Highlighting 4 Hospitalized Children with Varying Degrees of Congenital Heart Disease
Children with congenital heart disease often have a bluish discoloration of the skin, resulting from inadequate oxygenation of the blood. This symptom, called cyanosis, is most obviously seen in severe cases of the disease. This lack of oxygen can cause visible changes to the extremities of children’s little bodies.
Today, we’re highlighting 4 hospitalized children with varying degrees of congenital heart disease.
Tingting (Cyanosis is less obvious.)
Tingting has a ventricular septal defect with severe pulmonary hypertension. Ventricular septal defect is the most common type of congenital heart disease. Most children with this defect will appear normal and will rarely show cyanosis. Similar conditions include the patent ductus arteriosus and the atrial septal defect, both of which rarely cause cyanosis.
Tingting’s blood oxygen saturation is also close to normal.
Hanxiang (Cyanosis is visible.)
Hanxiang’s condition is F4 with cyanosis. Hanxiang’s lips show a light purple hue not easily discoverable. People familiar with congenital heart disease, however, can easily tell the difference. Hanxiang’s hands and feet have not yet become purple.
Hanxiang’s lips are slightly purple.
Hanxiang’s hands and feet seem normal. Unfortunately, her fingers and toes are too short for our staff to measure her blood saturation level.
Yumei (Cynasosis is obvious.)
Yumei’s condition is a complex type of congenital heart disease that causes cyanosis. The ultrasound doctor told our staff she has the following conditions, and wrote them on Yumei’s hospitalization card:
Because of long-term hypoxia, Yumei’s face and lips have completely lost their original hue.
Yumei’s fingers have severe clubbing, and her fingertips are bright purple.
Yumei’s blood oxygen saturation levels are quite low.
Compare this with our staff member’s normal blood oxygen saturation level.
Chengxiang (Cyanosis is very severe.)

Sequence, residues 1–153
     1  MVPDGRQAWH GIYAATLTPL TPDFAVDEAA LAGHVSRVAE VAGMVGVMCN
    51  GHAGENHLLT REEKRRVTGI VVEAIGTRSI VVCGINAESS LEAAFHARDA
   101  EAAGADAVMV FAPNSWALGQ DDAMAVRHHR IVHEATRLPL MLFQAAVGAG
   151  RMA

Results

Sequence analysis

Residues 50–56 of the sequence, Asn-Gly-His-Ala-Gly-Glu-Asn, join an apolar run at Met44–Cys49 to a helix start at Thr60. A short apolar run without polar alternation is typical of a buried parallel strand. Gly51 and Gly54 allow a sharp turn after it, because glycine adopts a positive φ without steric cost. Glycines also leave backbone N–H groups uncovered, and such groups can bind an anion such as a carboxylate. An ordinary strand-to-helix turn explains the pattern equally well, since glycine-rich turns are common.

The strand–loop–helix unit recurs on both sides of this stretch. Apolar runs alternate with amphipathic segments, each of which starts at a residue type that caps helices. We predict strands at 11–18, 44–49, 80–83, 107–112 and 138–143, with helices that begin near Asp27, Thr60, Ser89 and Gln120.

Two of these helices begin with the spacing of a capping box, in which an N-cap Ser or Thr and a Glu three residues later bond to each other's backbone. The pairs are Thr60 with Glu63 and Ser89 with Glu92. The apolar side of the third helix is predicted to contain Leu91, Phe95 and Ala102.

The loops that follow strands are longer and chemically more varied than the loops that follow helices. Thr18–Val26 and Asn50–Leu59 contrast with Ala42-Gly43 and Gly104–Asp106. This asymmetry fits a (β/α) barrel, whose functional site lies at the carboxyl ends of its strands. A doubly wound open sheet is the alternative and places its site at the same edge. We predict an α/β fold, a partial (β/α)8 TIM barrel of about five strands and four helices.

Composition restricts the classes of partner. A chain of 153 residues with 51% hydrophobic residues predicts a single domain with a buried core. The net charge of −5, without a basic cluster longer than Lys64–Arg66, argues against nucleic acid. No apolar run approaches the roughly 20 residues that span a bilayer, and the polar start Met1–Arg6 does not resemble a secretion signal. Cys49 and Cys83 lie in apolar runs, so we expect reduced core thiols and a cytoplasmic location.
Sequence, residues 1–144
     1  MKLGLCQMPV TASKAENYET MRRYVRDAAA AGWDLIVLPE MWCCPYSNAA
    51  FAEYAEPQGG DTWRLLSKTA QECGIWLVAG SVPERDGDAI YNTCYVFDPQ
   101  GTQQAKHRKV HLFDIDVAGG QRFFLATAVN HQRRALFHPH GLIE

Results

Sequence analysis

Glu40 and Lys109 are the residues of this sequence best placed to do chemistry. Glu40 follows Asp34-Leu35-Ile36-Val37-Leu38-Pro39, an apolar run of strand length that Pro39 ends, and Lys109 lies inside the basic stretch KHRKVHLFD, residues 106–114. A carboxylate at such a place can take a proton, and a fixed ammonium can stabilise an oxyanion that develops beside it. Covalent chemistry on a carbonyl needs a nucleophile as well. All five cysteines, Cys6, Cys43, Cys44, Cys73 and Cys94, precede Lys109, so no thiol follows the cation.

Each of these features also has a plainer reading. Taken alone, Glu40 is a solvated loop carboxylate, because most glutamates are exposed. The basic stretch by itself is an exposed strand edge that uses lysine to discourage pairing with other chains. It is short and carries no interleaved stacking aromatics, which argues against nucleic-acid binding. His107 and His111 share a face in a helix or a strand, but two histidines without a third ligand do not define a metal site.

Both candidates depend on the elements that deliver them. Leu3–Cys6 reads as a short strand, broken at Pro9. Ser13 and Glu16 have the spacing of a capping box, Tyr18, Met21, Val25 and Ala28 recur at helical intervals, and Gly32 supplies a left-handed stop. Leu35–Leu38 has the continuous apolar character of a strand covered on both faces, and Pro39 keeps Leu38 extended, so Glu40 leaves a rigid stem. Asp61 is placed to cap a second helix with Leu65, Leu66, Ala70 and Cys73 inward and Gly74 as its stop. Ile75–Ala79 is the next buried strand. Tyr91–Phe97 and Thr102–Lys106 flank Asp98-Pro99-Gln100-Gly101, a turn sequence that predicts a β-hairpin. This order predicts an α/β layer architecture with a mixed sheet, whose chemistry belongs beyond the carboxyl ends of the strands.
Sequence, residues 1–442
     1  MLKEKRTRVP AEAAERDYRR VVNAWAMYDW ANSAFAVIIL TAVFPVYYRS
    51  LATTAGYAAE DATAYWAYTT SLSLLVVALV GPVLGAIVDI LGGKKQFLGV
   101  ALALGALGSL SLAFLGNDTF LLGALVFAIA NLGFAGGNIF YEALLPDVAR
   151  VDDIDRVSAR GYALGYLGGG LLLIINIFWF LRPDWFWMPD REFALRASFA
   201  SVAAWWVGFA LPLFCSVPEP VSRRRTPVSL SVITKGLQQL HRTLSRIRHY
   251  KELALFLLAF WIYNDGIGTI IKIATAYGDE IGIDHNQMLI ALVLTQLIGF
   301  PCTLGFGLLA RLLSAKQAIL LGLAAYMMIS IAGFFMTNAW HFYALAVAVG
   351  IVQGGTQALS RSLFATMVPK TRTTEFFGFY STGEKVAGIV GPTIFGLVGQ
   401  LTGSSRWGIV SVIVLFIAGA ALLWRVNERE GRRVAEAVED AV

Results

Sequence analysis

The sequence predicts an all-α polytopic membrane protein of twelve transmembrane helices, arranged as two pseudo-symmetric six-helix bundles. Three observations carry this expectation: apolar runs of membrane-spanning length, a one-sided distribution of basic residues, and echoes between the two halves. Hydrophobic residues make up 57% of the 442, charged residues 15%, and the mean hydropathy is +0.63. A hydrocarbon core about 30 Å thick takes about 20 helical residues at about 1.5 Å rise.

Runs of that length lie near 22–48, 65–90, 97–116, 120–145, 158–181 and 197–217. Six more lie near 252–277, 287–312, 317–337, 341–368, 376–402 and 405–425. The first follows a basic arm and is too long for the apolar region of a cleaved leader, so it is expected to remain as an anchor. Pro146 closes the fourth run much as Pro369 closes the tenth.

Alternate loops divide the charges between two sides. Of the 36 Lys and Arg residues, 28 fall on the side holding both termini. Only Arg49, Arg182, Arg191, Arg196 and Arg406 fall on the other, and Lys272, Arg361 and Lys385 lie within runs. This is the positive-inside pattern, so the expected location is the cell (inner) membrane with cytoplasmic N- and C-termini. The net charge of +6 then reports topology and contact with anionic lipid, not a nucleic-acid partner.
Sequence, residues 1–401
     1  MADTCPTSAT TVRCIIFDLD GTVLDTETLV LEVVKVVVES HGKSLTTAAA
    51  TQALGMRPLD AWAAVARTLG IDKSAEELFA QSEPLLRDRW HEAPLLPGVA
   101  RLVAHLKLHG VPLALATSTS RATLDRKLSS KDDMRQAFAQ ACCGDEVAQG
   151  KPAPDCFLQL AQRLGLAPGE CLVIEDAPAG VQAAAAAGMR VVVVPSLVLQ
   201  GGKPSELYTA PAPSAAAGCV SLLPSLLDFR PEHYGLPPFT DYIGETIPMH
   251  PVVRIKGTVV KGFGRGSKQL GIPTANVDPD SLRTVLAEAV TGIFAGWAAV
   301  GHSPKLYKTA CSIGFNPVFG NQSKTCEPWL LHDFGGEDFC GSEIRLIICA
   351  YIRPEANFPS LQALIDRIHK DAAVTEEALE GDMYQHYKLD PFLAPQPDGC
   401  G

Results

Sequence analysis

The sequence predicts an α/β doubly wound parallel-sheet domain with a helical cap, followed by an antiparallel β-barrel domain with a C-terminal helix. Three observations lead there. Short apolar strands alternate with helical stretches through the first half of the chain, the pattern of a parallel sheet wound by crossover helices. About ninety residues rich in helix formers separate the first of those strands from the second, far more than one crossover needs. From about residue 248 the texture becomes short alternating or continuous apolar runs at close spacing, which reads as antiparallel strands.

Chengxiang has congenital heart disease with cyanosis. His conditions are pulmonary atresia and ventricular septal defect, which is a complex type of congenital heart disease.
Chengxiang and Yumei both need to undergo surgery at least twice in order for their health to improve.
Chengxiang’s doctor Rui Liu told our staff that the child’s pulmonary artery has not developed since birth. The preliminary plan is to first do a BT surgery to help with the development of the pulmonary artery. Three months later, Chengxiang would need another checkup. If the child’s pulmonary artery develops well, then they can schedule the second surgery as soon as possible. As of now we know that Chengxiang’s physical condition after the first surgery is crucial and determines if the child can have a chance at a second surgery.
Even our staff, who is familiar with congenital heart disease patients, was shocked when first meeting Chengxiang because his lips are completely black, as if covered with dark lipstick.
Chengxiang’s hands have clear signs of clubbing and his fingertips are bloated. His foot seems like a small purple potato.
Our staff put a piece of white chewing gum on Yumei and Tingting’s hands to show the difference in color. The white gum shows that the two palms have different hues.
Follow the journey of these children, from pre-surgery to post surgery and beyond.
Thank you, to all of those who support Little Red Scarf, for helping these children during the most crucial period of their lives.
TFISH FUND BLOG
We update news and reports directly from the field written by our NGO partners daily.
PHOTOS & VIDEOS
IN THE NEWS